Photo by Antone of antonephotography.com
Designer: Agga Raya
Background: Agga Raya never even considered going to school for fashion; she was born into it, with her parents working as designers and manufacturers in Poland. At age 16, she created her first fashion show and, now, ten years later, she’s running her own line, the AGGA B. Collection.
Design Aesthetic: Modern, elegant and sophisticated, with a definite European flavor. “It’s directed to a woman who pays attention to fashion and beauty,” says Raya.
Designer Inspirations: Old-school classics like Valentino and Armani because of their silhouettes, tailoring and attention to detail.
Chicago Inspirations: The Chicago Fashion Incubator at Macy’s on State. Last year, Raya was selected as one of the Designers in Residence, something she says has been a tremendous help. Read the rest of this entry »
Every year, dozens and dozens of designers show at Fashion Focus Chicago, many for the first time. Here are a few, beyond Maria Pinto of course, who seemed especially buzzworthy this year.
Shorty bookended the week, opening with GenArt’s Fresh Faces in Fashion and closing out by winning Macy’s Distinction in Design competition.
5p1t’s on a roll of its own, starting with recognition by Fashion Group International as a Chicago Rising Star, followed by an appearance in the venerable “Chicago is Red Hot” show and capped by an appearance at Fashion Focus in Macy’s Designers of Chicago show.
Glaum-Lathbury was one of the few designers repeating an appearance from last year (when she was a GenArt Fresh Face), with her show as part of the Allure of Couture evening.
Agga B was one of four local designers sponsored by Toyota to develop work inspired by its i-REAL concept; she also showed as one of the inaugural designers in the Chicago Fashion Incubator project housed at Macy’s.
Another Toyota i-REAL designer, Fong showed during the Macy’s Designers of Chicago show; she’s been picked up to be sold at Macy’s this fall.
World Fashion Chicago, an event designed to showcase the city’s Sister Cities program (October 2), oozed with admirable ambition. Chicago has twenty-seven official “sister cities,” including the style meccas of Paris and Milan, so why not have a show that conveys the global nature of fashion, and Chicago’s place within?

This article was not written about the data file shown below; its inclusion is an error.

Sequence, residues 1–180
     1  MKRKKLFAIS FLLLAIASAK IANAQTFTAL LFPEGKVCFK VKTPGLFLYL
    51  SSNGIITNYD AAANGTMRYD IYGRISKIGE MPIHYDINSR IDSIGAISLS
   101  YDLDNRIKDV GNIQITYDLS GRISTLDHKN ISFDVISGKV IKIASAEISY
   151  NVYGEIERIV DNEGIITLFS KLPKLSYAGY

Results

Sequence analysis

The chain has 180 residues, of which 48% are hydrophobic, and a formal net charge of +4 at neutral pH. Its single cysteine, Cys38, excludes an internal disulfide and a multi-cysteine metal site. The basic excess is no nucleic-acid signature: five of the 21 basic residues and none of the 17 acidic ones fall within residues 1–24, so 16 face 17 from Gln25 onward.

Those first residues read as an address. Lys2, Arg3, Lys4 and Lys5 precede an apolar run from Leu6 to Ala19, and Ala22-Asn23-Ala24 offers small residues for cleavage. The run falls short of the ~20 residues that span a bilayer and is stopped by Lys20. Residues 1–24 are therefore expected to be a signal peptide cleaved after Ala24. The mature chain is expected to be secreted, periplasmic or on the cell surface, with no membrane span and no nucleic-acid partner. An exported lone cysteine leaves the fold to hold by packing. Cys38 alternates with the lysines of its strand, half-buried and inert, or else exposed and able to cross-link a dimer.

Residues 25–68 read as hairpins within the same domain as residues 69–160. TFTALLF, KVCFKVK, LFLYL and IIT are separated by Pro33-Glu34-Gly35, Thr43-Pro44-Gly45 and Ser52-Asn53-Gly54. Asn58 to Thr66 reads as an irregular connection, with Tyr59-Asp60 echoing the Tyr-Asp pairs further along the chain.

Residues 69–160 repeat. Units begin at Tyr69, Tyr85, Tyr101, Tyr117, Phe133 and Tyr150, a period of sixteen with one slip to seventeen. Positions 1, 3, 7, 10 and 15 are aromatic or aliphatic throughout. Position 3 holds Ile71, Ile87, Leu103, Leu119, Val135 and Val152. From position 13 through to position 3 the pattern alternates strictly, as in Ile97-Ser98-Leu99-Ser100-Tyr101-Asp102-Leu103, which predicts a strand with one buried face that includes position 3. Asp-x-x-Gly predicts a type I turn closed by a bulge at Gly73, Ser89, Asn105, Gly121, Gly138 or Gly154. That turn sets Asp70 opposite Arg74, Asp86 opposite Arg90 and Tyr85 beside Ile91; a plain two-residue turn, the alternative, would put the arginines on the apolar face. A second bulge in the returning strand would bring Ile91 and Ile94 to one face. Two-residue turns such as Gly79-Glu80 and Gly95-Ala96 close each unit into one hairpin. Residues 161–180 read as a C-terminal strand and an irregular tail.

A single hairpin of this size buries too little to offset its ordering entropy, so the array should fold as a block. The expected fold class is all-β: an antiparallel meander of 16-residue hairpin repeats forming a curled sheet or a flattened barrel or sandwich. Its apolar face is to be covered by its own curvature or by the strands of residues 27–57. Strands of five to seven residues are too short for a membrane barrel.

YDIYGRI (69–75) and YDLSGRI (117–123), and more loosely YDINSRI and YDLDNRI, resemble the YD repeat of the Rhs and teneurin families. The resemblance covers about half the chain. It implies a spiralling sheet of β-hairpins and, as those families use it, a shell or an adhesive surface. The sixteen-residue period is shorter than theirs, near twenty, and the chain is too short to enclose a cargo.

Unfortunately, the project was far too overwhelming to properly execute. Some cities were represented by Chicago designers who created looks drawing inspiration from a particular city, sometimes subtly, sometimes like costumes for a B movie. On the other hand, some Chicago designers simply represented their ethnic backgrounds by showing from their general collections. Six designers actually brought their designs from their far-flung cities, ranging from Amman, Jordan to Casablanca, Morocco. And in a few cases, models wore clothes from international designers who needed little exposure, like Escada and Dolce & Gabbana. Needless to say, the range and styles were literally all over the map.
The resulting show was a cacophonous hoot of excess without cohesion. Several cities, inexplicably, were even represented by multiple designers. Add to that the “commercial” presentation of looks designed by talented Chicago comers Agga B, Melissa Serpico, Evil Kitty and Anna Fong for Toyota’s “space-age” I-Real project, and you had a show that would defy anyone trying to actually take anything actionable (i.e., to buy the clothes or learn more about a designer) away from the runway. And we didn’t even mention that “Project Runway” contestant Steven Rosengard showed up to represent Hamburg, Germany. Eventually, we put our pens away and just enjoyed the show. (Brian Hieggelke)